“Class A” War Criminals are the ones convicted by the International Military Tribunal for the Far East (IMTFE) of being part of the conspiracy to begin and wage war. Altogether the people convicted and sentenced to the heaviest sentences were the participants of the colonial occupation of China and Korea, with the associated atrocities.
Many were likewise convicted on charges attributed to atrocities committed against prisoners of war during the course of the conflict.
Since they are part of the Yasukuni Memorial, the act of a politician visiting Yasukuni Shrine and also paying tribute to the war dead is recognized by several countries as to be the same as memorializing those 14 Class A war criminals. This is specifically notable when the government officials are either cabinet ministers or the prime minister.
The Showa Emperor (Hirohito) and his successor have turned down official visits to the shrine ever since the inclusion of the fourteen. Though there were visits from Prime Ministers, the matter gained traction starting from 1985 while Prime Minister Nakasone visited the shrine.
There are more grievances against Yasukuni. It is not merely a memorial; it also includes a museum visited by thousands of Japanese school children annually. And the type of reputation that it presents concerning the Second World War is sanitized to say the least. The Yushukan War Memorial Museum managed by the Yasukuni Shrine represents Japan as the liberator of Asia, and kamikaze pilots as selfless heroes who willingly died for the country.
The museum simply does not consider the common beliefs and social pressure that drove many individuals to death. A lesser grievance is the fact that everyone who served are enshrined, including Koreans and Taiwanese who (being subjects of the Japanese empire) were conscripted to serve.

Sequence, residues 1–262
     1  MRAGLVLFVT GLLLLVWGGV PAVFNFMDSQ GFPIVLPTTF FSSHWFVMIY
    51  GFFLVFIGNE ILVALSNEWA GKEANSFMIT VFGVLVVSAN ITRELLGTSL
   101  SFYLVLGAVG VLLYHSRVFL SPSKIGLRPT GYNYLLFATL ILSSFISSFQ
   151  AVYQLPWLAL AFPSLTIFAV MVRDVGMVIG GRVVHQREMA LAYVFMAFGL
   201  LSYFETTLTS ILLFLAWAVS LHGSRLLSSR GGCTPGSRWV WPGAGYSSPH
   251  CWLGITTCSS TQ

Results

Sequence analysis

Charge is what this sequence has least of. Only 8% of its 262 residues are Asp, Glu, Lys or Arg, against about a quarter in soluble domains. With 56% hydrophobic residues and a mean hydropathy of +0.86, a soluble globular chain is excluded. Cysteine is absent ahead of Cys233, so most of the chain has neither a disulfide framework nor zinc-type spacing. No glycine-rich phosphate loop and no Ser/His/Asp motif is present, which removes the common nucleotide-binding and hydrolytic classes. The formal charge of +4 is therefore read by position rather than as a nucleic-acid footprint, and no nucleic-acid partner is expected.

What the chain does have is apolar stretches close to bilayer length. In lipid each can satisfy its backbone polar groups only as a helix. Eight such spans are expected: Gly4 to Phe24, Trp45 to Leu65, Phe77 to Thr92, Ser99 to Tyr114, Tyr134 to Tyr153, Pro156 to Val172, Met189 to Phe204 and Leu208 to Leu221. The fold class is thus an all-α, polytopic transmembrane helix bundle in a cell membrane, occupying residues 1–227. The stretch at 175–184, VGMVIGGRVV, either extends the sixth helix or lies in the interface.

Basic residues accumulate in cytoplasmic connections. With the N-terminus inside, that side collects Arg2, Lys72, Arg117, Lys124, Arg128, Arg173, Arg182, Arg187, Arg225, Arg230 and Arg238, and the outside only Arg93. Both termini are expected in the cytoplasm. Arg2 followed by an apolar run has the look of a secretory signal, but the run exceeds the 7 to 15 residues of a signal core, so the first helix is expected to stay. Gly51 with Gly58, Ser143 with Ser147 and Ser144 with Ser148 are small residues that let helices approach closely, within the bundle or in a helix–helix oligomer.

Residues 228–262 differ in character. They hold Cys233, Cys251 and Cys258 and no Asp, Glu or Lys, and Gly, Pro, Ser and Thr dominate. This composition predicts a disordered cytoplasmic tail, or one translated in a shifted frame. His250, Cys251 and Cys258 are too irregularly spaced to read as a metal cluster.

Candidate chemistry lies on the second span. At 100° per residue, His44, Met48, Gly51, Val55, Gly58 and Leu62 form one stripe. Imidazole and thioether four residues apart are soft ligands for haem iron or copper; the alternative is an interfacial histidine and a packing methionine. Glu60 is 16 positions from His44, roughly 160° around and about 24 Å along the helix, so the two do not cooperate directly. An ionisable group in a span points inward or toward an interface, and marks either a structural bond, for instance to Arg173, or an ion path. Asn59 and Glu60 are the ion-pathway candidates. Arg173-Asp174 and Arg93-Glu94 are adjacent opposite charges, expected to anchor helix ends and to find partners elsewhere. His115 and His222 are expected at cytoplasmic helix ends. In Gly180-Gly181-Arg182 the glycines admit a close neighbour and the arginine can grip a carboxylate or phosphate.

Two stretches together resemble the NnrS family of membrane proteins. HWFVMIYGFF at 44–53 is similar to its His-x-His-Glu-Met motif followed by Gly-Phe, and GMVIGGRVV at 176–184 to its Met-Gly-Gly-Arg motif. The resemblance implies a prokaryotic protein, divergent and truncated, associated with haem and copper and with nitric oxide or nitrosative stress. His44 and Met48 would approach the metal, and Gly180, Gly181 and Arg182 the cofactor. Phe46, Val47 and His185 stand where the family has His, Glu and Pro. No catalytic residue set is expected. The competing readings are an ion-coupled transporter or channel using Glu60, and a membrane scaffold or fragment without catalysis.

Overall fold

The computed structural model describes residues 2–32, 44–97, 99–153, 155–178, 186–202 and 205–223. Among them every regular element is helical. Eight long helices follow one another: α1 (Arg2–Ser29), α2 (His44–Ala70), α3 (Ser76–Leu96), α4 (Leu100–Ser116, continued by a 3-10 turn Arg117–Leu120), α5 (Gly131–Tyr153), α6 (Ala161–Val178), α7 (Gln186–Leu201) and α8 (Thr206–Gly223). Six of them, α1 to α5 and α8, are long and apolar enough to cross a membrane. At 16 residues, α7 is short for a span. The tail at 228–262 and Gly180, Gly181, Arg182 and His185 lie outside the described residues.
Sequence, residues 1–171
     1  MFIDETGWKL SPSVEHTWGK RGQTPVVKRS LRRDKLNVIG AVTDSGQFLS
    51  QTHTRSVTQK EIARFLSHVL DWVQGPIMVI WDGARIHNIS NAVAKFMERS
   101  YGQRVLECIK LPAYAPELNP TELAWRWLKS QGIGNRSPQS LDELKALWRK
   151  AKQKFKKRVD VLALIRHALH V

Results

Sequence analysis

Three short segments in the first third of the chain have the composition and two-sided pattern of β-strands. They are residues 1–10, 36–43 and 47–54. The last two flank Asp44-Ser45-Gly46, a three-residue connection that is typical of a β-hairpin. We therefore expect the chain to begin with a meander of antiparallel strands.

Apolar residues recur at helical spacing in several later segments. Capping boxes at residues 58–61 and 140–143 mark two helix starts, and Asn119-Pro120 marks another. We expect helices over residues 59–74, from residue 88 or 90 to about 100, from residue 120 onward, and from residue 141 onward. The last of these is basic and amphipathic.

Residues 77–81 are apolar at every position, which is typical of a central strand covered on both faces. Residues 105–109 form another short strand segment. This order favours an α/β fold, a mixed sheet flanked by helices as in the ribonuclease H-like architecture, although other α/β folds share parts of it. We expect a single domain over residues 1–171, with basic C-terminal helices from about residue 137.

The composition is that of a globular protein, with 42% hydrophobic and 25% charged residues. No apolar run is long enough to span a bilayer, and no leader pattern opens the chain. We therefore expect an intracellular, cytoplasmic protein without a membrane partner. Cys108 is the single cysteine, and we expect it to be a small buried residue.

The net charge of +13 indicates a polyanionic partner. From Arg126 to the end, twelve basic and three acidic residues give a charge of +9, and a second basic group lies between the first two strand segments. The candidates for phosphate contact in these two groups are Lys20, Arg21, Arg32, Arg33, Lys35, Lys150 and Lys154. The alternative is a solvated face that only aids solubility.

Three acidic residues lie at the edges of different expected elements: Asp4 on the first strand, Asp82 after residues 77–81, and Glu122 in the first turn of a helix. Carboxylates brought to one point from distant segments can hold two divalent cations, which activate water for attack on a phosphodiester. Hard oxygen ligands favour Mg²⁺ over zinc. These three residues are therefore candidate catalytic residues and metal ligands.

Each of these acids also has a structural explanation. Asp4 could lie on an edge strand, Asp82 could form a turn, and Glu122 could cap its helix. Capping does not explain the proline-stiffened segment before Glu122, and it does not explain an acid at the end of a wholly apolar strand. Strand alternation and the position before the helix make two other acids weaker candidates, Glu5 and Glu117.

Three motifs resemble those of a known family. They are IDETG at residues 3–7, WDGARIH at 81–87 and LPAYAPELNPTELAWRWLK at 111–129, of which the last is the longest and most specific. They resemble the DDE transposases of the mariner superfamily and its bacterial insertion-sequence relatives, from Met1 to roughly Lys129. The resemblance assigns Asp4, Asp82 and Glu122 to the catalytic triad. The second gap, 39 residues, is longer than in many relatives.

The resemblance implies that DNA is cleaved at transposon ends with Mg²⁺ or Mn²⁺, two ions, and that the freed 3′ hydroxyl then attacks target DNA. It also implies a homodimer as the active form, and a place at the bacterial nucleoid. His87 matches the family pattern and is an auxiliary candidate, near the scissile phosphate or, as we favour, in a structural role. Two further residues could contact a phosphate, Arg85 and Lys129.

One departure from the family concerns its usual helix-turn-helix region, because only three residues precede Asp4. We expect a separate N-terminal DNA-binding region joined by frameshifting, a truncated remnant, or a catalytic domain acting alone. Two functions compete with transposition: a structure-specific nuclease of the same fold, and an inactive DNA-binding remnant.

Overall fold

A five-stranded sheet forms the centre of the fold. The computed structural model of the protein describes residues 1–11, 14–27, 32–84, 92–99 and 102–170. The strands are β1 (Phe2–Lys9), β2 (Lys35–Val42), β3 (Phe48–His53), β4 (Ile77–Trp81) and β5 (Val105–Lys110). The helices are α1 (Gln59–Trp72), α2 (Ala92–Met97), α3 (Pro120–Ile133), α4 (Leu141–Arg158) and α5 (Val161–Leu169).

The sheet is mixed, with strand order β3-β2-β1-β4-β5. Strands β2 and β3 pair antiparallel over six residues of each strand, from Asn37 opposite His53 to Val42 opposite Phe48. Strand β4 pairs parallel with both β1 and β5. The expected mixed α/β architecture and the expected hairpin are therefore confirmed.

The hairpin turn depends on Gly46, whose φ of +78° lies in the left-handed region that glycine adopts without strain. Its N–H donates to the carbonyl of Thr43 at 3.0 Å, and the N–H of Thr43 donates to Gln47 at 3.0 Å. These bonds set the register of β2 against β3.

Thousands of individuals from the two nations are among those at Yasukuni. Most of their relatives have requested them to be removed, however the priests maintained that is impossible under Shinto.
The majority agrees that it is nationalistic; a few say xenophobic. It plays down that Japan began the war with China and with the United States as well as other western powers; but it does not give much consideration at all to the atrocities committed in the name of Japan. China and other countries complain that Japan always fails to acknowledge its atrocities, and also fails to educate it’s the younger generation about those crimes.
In fact, hosting those souls is a point of pride for the shrine. Yasukuni is not about noble homage; it is just about scoring political issues and getting awareness of revisionist background. The important thing that Japan’s contemporary reactionaries lament on concerning the war is defeat, so they remain fighting an uphill battle against Japanese public opinion to validate wartime Japan’s “noble mission.”
Writer Profile: Junko Nirmala is a Tokyo resident with 15 years of experience in technology and business consulting services mainly focusing on India-Japan Market and cross border related services. Her diverse background even includes a short stint as a Venturepreuner. During the last few years she has helped several Japanese companies with their India market entry strategies.Writer can be reached at email@example.com
Disclaimer: The views expressed here are solely those of the author in his/her private capacity and do not in any way represent the views of the The Financial Express, or any other entity of the Indian Express Group.